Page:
When I painted the ceiling in this bath, I started priming a couple of hours after the last shower - was surprised to find the ceiling wet to the extent the primer would slide around. Installed a timer switch for the fan so's it dries out better.
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snipped-for-privacy@earthlink.net says...

Ohh, that's a lot of grout. Mine's 20yo 6"x6" with 1/16" grout line (nominal).

Mine is ceramic. Ceramic wall tile is pretty soft (easily cut with a carbide Roto-Zip bit) so I was wondering if it would cut right through the tile.

Good hints (gotta dig up the masks). Thanks.

This is a Jacuzzi bathtub/shower surround so there isn't anything all that low but I'll have to build a platform to protect the fiberglass tub.
I do both the heavy stuff and the no-drip stuff (sometimes not so well). Her job is to clean the dust from the rest of the house and have a beer ready when I'm done. ;-)

I've not seen a saw this thin either and the one I bought for a previous job was like a hot butter knife through diamond. I'll try the utility knife first but I have a feeling the dremel is going to get a workout.

I've never had trouble paining the ceiling. We'll likely be without this bathroom for a week, so... I'll paint the ceiling while I'm at it since I'll have all the woodwork off and the carpet (yes, carpet!) up. I'm going to tile the floor too, so demolishing bottom up and finishing top down seems to be the way to go. ;-)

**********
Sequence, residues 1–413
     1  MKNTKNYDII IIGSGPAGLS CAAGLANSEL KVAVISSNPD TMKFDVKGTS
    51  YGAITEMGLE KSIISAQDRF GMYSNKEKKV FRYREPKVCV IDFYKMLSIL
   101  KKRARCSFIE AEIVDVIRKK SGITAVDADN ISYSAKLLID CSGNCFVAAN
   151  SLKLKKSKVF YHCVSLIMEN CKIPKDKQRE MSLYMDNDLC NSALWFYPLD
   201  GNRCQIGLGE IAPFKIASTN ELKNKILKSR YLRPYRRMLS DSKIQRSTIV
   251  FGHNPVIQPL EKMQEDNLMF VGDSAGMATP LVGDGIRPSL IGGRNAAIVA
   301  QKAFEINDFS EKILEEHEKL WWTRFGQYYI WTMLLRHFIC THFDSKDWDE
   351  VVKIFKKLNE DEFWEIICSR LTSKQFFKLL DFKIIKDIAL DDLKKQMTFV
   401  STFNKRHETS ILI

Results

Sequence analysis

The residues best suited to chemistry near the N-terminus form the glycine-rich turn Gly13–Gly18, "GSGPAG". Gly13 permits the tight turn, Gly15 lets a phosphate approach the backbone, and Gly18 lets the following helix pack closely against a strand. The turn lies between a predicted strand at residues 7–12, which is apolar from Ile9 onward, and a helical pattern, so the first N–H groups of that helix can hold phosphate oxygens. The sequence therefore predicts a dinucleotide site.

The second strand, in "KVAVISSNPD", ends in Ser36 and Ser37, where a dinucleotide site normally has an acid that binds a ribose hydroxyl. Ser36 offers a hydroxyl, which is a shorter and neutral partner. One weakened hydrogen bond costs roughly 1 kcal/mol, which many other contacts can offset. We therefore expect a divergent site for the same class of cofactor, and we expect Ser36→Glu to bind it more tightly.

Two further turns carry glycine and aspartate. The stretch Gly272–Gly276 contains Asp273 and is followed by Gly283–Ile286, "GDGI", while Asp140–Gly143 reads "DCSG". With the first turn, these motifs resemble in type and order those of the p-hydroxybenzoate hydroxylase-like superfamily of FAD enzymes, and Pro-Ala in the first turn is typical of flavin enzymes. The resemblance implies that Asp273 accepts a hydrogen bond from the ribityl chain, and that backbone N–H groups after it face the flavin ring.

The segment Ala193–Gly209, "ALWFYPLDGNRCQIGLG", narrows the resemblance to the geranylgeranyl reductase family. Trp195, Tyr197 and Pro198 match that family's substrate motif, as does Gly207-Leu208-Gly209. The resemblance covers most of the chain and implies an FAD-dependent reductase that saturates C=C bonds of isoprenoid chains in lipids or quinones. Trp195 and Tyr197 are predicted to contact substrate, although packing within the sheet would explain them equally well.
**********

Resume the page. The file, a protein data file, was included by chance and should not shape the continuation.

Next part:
Thanks for your insight!
--
Keith

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Norminn wrote:

I don't recommend regrouts because the new grout may not hold well onto the old grout. If you're going to do it anyway, use a carbide tipped knife to cut out the grout, assuming it is the typical narrow joint with unsanded grout. These carbide knives have a curved handle and tip and are sold as a means to cut cementboard. Look among the tile tools at HD or Lowes, or a tile store will know what it is. It is the best tool I've ever found to remove unsanded grout in between wall tiles.
Push hard towards the joint, and pull it slow and keep in control. If you slip, you'll scratch the tile, so keep a firm grip on the tool.
Be sure to cut out all the joints, as deep as you practically can, to remove the surface soap film. Use an unsanded, polymer modified grout to regrout.
This information is for homeowners-only wanting to jury rig their own tile job. It could refurbish a tile wall for a few years, but isn't a professional repair IMO.
thetiler
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On Mon, 26 Jun 2006 21:01:11 -0500, Local Account wrote:

I've been removing the grout thoroughly as prescribed. One thing I'm concerned about. Perhaps the original tile job was not done properly and one of the walls is warped as well. Anyway the joints between the tiles are really skinny. About the width of a utility knife blade, which is what I'm using to remove the grout in this area (nearly half of the wall on the length of the tub).
Can I still re-grout the tiles with the skinny joints and expect it to last?
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snipped-for-privacy@localhost.localdomain says...

Use *UN*-sanded grout, if it's less than 1/16".
--
Keith